Japan was a high-tech, world-class economy. People had Smartphones years before we did. On the trains and subways I’d watch them with their phones and wonder what was going on. They were interested in automobiles, but the nationwide train system was incredible, and everyone used it. Nowadays I’ve read all the books of Haruki Murakami, a famous fiction writer who’s got a great sense of humor and writing style. The protagonist of his latest novel, Colorless TsukuruTazaki and His Years of Pilgrimage, is an engineer who plans and updates train stations. The book contains a subway map of Tokyo. I think it may be the most sophisticated system in the world.
Juxtaposed to the modern side of Japan was the ancient side. In a Kyoto side street I came across a big sign over the entrance to a retail shop showing a naked butt being slapped with two gloved hands. The store sold motorcycle gear. Right next to it was a stairway leading to a tiny Zen temple which was probably a thousand years old.The modern-ancient dichotomy was everywhere, and the contrasts were sometimes jarring. I was impressed with how nice people were—although once an old lady yelled at me for crossing against the light. Generally I thought Japanese was such an interesting-sounding language, and there were common words that sounded hilarious, like words kids would make up.
In Tokyo the subways and trains have signs in English now, but there were none in Fukushima and on the highways just north of there—not in those days. Once I drove up to Sendai, and I couldn’t read any of the signs. In Fukushima I’d go into stores wanting to buy a boom box and discover it sold clothes. Even though I was 49 years old, I felt like a pre-schooler. I probably learned more in one year than I’d learned in my life. For the first month or so I was exhausted at the end of each day.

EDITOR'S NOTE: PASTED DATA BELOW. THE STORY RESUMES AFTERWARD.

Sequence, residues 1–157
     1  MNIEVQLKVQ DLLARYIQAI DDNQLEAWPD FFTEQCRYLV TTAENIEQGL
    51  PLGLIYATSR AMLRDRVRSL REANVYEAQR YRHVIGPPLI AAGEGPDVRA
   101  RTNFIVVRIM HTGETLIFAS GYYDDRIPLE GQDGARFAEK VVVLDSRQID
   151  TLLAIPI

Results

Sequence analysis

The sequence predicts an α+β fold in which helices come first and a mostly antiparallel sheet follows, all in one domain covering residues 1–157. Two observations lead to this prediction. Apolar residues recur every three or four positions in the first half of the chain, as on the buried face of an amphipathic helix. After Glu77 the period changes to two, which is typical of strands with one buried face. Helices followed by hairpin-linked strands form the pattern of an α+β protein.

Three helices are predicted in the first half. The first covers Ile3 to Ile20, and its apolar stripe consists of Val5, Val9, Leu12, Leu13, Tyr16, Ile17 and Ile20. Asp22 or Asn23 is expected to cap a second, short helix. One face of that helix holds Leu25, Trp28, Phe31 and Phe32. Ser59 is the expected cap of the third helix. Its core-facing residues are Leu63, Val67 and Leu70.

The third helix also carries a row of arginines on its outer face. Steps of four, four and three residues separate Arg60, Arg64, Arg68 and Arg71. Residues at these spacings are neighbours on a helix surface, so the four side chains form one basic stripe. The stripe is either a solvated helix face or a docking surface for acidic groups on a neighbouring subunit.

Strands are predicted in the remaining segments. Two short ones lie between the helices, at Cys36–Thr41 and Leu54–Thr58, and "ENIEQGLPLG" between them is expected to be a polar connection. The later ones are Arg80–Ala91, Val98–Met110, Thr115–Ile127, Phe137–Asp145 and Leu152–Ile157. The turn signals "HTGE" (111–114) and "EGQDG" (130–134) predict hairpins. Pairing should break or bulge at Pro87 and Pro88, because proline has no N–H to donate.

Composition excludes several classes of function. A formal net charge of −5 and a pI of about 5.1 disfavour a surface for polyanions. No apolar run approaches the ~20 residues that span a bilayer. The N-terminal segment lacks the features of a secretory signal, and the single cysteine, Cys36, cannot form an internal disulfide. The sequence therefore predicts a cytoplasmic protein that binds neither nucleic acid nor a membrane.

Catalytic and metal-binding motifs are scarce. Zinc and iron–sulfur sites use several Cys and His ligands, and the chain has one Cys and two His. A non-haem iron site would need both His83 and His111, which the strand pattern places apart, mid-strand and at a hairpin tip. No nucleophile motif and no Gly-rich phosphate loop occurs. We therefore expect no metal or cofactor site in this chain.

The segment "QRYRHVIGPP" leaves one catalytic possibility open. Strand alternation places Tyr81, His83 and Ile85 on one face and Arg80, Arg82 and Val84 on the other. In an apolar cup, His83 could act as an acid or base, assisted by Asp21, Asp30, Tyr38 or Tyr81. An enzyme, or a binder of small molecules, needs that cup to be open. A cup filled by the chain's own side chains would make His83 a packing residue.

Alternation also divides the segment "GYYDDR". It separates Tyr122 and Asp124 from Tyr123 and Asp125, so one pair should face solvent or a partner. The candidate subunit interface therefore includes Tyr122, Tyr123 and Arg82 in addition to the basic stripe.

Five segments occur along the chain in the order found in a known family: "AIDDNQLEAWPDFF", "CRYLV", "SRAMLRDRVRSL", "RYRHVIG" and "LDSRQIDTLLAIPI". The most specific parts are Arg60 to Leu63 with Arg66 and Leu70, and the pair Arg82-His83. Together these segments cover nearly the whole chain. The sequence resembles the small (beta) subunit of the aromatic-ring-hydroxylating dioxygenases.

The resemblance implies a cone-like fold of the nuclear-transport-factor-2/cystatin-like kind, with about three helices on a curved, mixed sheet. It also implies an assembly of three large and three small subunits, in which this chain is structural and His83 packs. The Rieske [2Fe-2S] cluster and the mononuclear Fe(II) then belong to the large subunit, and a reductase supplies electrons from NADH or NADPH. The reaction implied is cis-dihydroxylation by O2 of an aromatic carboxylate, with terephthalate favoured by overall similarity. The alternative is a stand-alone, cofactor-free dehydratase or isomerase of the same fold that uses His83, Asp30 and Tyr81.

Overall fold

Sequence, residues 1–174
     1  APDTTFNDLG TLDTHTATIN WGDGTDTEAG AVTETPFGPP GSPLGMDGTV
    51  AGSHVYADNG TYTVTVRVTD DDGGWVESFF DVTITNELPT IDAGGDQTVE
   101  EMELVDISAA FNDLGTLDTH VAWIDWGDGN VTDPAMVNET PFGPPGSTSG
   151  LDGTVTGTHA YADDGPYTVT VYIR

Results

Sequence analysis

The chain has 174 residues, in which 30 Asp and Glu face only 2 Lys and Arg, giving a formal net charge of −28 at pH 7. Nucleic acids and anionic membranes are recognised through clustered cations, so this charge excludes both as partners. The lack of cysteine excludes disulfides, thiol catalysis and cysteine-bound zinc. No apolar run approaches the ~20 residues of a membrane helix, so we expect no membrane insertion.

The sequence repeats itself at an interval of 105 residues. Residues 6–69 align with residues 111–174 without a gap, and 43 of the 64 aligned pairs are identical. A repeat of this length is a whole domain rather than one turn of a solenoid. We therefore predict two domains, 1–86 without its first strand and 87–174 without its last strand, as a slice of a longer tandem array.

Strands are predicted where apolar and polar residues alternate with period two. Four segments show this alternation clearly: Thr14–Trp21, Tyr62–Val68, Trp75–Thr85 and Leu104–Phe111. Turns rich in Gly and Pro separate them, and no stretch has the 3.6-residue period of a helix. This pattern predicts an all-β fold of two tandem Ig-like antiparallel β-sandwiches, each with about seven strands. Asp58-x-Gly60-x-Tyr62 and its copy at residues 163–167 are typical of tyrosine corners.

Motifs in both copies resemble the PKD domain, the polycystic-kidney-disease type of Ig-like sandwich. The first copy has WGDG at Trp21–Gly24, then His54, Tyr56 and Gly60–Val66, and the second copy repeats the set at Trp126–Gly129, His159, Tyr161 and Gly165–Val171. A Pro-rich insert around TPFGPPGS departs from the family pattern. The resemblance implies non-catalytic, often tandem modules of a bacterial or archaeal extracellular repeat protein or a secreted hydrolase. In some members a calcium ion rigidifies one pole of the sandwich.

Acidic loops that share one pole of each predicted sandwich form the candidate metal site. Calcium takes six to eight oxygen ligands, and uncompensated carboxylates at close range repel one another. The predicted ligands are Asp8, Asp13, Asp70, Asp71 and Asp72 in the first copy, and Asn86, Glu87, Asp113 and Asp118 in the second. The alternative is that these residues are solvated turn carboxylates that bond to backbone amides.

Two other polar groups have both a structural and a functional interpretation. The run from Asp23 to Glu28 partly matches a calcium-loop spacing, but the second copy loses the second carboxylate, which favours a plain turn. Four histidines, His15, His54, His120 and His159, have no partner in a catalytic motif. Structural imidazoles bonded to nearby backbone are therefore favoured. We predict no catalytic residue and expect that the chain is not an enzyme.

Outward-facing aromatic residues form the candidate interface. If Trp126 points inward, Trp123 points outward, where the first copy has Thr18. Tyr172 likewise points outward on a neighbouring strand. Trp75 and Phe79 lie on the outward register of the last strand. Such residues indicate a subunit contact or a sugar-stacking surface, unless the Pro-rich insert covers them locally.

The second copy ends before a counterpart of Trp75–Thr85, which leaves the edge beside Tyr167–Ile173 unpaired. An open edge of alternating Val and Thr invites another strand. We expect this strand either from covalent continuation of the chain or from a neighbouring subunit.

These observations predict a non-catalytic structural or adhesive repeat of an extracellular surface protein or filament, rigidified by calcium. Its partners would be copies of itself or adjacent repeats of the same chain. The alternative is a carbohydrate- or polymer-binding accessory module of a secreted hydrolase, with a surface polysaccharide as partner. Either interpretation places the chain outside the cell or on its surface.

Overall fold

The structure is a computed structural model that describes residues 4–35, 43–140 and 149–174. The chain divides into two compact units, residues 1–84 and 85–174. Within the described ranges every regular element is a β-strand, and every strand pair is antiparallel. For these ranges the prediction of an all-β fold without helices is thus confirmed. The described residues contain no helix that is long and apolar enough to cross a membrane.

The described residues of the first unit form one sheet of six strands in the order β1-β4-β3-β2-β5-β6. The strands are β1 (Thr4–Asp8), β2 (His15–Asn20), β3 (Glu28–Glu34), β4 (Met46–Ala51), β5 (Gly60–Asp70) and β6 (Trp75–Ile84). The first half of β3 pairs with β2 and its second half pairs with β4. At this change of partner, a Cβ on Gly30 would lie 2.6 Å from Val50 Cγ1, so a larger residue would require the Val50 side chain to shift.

It was the first time I’d been part of a racial minority, so noticeably not Asian. People on the street would stare, especially in Fukushima, where at the time we had probably seventy westerners, almost all English teachers. Once a friend and I decided to blow kisses at people who stared at us, but the reaction was a little disconcerting. Of course the kids all knew how to say hello in English, so they’d ride by on their bicycles and yell, “Hel-lo-ow. How are you?” Then they’d ride off so they wouldn’t have to say anything else.
Fukushima had a blues club called Namazute, or Catfish, which was a hangout for native speakers of English and people who wanted to practice the language. The owner had lived in Tokyo for years and loved American music. On weekends I’d go there to listen, socialize, and maybe meet a Japanese woman who spoke English. About once a month the owner brought in a live band, and I found the Japanese blues bands were fantastic. The singers all sang in English, but none of them spoke it offstage. There were great harmonica players and guitar players. I even got to sit in a couple of times.